Scribd used to have a pretty compelling pitch. It’s Netflix for e-books, charging members a $9 monthly fee for unlimited access to the service’s roughly 500,000-book online library. It works on Android and iOS devices, as well as Kindle Fires. For anyone who reads at least two books per month, Scribd — as well as its identically-priced competitor, Oyster Books — is a good deal. But as of this morning, Scribd may have evolved into the proverbial killer app of the digital book industry, by becoming the first company to offer audiobooks for cheap.
Scribd’s members can now download or stream as many audiobooks as he or she wants from a library of 30,000 titles. And while that’s not the most impressive number, it includes real authors whose books people might actually want to listen to, such as Cormac McCarthy and Haruki Murakami. The Hunger Games and Divergent books are in there, as well as a star-studded recording of the Bible read by Angela Basset, Denzel Washington, and others.
According to Scribd CEO Trip Adler, there really aren’t any strings. There’s no limit to the number of audiobooks you can download (though multiple titles would quickly fill most mobile devices), and no need to listen with an active Internet connection, unless you’re streaming the audio. Like the company’s print books, the audio titles are compatible with iOS, Android, and Kindle Fire devices, as well as computers, via a standard browser. The only requirement is that, for downloaded files, you sign into the app at least once every two weeks, so Scribd knows what you’ve been listening to, and how much it should pay publishers.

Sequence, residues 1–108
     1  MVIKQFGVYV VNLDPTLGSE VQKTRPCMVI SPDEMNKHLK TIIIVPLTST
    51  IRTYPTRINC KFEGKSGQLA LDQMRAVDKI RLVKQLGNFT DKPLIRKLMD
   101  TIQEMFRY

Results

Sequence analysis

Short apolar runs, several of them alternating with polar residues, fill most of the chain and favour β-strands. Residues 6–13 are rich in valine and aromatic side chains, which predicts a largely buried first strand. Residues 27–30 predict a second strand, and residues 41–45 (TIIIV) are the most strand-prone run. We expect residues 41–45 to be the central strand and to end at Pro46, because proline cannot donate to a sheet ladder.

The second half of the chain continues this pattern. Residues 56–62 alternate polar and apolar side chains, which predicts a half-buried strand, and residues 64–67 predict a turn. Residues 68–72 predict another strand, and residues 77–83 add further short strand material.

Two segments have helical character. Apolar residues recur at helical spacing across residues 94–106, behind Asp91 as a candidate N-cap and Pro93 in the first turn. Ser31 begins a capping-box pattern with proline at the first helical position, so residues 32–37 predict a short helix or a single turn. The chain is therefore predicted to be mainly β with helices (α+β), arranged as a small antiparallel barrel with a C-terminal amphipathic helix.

And even if you aren’t sold on the current lineup of audiobooks, here’s the non-catch: Scribd isn’t charging extra for its new audio component. The service will remain at $8.99 per month, for print and audio access.
There’s real ambition in this launch, so much so that, during the pre-launch interview with Adler, we kept looking for deal-breaking complications — invasive digital rights management (DRM) code that kills off audiobooks after a set period, or a limit to how many titles you can listen to in full every month. Or even a terrible collection of titles, the sort of quantity-over-quality approach that’s made Amazon’s Kindle Lending Library such a missed opportunity. Amazon’s library, which is free for Prime members, doesn’t include audiobooks, but apart from a few popular books, such as the Hunger Games trilogy, it’s a wasteland. (Amazon rolled out its own Unlimited service, with more and better titles for $10 per month, which wasn’t free for Prime members.)
But this is the real reason we gave Scribd a hard time (relatively speaking): Paying $9 per month for a wide range of all-you-can-eat audiobooks is unheard of. “This is the first time anyone has offered unlimited audiobooks for a flat monthly fee,” says Adler. While e-books are often available at deep discounts, audiobooks are damn expensive. That’s not a complaint, but a statement of perfectly understandable fact. E-books are actually easier to produce than their print counterparts, but most audiobooks are basically a boxed set of recording sessions with a professional actor. Even if engineers aren’t involved, and the performance amounts to an underpaid thespian intoning into a tiny voice recorder, he or she needs a paycheck for hours of work.
The first Hunger Games novel is a perfect example of the pricing disconnect between e-books and audiobooks. The Kindle e-book is currently $5 on Amazon. But it’s also the shining star of Amazon’s Kindle Lending Library, meaning it’s free for Prime members. You can also become an Audible member, and pay $15 to listen to one book a month, or $23 for two. (The Audible audiobook costs $24.) A single book that’s virtually free in print, is the price of about two full music albums as audio. And Audible dominates the digital audiobook market because, compared to other services, or outright purchases, those monthly rates are a bargain.
That’s the current state of audiobooks, prior to today — prices that seem inflated next to e-books, or even video streaming services like Netflix ($8 per month). Scribd is in a position to change that, and attract a wider audience. Because for every curious would-be first-time listener out there, there are tons of long-time cheapskates.